Yelp continues to aggressively invest in its sales force, with the number of advertising sales employees increasing nearly 30% from the year-ago period. This is a significant line item for Yelp (Sales & Marketing was 50% of revenues in 2018) and represents one of the company’s largest opportunities to leverage operating expenses in the coming years. That happened in 2018, with guidance suggesting Yelp will leverage S&M expense again in 2019 (the plan is to lean more heavily on self-serve products for the company’s small and medium business customers).

Adjusted EBITDA in the fourth quarter was $53 million, an increase of 27% (with margins up 300 basis points to 22%). EBITDA increased 16% in 2018 to $183 million, with margins flat at 19%. Over the past five years, Yelp’s EBITDA margins have expanded by roughly 700 basis points.

Yelp ended the year with $753 million in cash and equivalents. The board recently increased the repurchase authorization by $500 million, with the company stating its intention to repurchase $250 million of stock in the first half of 2019 (that’s equal to 7% - 8% of today’s market cap). There were 86.3 million outstanding shares at the end of the fourth quarter, down 3% from the year-ago period.

In 2019 (“a year of transition”), management expects high-single digit revenue growth, with EBITDA growing at a faster pace (200 to 300 basis points of margin expansion). Management also provided long-term financial guidance (2019 to 2023), including mid-teens revenue growth and significant EBITDA margin expansion (to the low-to-mid 30s, compared to 19% in 2018).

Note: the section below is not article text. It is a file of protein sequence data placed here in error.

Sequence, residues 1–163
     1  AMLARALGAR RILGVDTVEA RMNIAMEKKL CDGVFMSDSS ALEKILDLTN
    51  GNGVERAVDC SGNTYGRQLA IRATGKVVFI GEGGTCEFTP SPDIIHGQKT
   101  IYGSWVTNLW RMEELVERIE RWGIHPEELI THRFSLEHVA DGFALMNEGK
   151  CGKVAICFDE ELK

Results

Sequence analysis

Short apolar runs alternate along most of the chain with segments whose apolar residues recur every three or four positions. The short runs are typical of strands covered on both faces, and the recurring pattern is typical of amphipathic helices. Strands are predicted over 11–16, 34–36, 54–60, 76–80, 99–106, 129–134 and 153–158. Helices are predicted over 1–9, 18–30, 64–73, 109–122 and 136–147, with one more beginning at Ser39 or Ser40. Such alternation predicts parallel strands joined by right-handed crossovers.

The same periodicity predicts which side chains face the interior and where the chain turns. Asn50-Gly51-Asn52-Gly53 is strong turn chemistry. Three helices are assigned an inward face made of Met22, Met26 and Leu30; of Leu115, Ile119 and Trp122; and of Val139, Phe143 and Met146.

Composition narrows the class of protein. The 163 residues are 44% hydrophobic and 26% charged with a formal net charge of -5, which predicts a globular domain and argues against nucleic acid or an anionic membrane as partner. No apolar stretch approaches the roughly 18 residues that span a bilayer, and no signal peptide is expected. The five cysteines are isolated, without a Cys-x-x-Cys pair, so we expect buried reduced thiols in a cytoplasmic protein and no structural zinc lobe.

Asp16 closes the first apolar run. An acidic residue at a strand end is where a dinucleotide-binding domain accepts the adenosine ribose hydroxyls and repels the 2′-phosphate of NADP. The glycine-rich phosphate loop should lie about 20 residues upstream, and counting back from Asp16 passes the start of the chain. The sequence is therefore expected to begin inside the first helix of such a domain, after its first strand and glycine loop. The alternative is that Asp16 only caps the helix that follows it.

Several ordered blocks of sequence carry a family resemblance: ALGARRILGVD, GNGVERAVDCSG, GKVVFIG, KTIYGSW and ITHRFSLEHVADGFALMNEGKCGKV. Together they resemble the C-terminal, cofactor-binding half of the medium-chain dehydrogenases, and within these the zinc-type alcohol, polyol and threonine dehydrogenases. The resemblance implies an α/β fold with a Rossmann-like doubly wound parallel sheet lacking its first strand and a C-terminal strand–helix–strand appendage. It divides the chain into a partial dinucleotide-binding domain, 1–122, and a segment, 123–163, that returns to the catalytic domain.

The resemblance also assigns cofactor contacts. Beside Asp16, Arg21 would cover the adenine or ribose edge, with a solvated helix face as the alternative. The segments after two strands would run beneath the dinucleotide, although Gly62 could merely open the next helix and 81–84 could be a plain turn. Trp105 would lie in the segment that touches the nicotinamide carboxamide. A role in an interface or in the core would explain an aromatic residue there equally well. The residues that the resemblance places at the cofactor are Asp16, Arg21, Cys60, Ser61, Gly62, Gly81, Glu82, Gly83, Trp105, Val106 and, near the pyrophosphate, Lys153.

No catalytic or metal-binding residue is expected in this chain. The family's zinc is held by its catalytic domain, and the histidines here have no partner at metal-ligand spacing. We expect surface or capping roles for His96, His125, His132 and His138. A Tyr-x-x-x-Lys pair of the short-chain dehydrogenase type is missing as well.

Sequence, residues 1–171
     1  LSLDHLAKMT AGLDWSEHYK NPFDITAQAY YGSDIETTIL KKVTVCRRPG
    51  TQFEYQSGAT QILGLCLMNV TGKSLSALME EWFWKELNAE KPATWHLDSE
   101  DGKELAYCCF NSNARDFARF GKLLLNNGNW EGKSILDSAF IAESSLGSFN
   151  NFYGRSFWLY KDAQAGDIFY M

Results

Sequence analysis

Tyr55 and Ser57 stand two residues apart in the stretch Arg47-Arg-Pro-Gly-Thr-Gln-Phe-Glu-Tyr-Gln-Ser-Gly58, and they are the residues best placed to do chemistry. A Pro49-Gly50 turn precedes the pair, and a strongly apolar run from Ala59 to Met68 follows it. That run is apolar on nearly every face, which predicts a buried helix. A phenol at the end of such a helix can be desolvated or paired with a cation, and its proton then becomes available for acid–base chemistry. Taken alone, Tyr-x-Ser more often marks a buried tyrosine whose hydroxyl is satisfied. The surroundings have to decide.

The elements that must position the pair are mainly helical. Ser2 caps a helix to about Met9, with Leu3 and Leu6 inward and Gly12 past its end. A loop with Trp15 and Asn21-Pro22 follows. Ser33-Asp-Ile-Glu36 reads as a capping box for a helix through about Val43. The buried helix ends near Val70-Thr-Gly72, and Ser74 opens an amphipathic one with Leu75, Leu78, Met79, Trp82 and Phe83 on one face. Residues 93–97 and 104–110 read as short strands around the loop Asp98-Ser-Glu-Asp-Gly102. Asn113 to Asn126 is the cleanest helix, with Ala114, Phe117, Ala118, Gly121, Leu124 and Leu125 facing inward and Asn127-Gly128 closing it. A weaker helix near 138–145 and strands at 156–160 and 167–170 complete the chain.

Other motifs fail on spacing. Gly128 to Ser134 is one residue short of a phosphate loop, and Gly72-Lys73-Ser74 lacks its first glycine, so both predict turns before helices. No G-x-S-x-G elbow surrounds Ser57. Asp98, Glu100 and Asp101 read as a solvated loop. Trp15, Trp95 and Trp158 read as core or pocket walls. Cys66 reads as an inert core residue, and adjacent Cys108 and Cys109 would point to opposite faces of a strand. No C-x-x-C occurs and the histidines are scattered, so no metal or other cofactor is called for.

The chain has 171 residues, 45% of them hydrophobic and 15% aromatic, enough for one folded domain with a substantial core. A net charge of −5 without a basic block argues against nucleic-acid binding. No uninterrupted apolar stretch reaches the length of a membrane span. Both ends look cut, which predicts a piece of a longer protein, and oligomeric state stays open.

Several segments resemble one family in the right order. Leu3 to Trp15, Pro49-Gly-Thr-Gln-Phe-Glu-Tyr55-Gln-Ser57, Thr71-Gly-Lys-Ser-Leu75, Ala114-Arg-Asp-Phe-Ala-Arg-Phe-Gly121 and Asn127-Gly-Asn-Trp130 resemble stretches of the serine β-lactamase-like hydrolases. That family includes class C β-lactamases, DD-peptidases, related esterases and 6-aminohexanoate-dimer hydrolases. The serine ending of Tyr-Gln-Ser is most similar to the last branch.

But considering the results the company has delivered as of late (and the lackluster 2019 guidance), that sounds aggressive. If you instead assume 12% annualized revenue growth, you get to 2023 revenues of $1.6 billion. At 30% EBITDA margins and with a few other assumptions, I get to net income of roughly $325 million and diluted earnings per share of $3.50 to $4.00.

With a terminal multiple of 20 times trailing earnings and an 11% discount rate (as well as credit for net cash on the balance sheet), I get to a fair value estimate of $50 per share. That’s a long way of saying that with the stock at $40 per share, you can still make a case that the valuation is reasonable if you think Yelp can get close to the low end of its targets.

In my investing, I need a pretty wide margin of safety to be comfortable with that fair value estimate (said differently, I don’t think those assumptions are conservative). I don’t plan on buying at today’s levels, but would consider investing in Yelp again if the stock fell back to the low-$30s.

Disclosure: None.

About the author:

The Science of Hitting
I'm a value investor with a long-term focus. My goal is to make a small number of meaningful decisions a year. In the words of Charlie Munger, my preferred approach is "patience followed by pretty aggressive conduct." I run a concentrated portfolio - a handful of equities account for the majority of its value. In the eyes of a businessman, I believe this is sufficient diversification.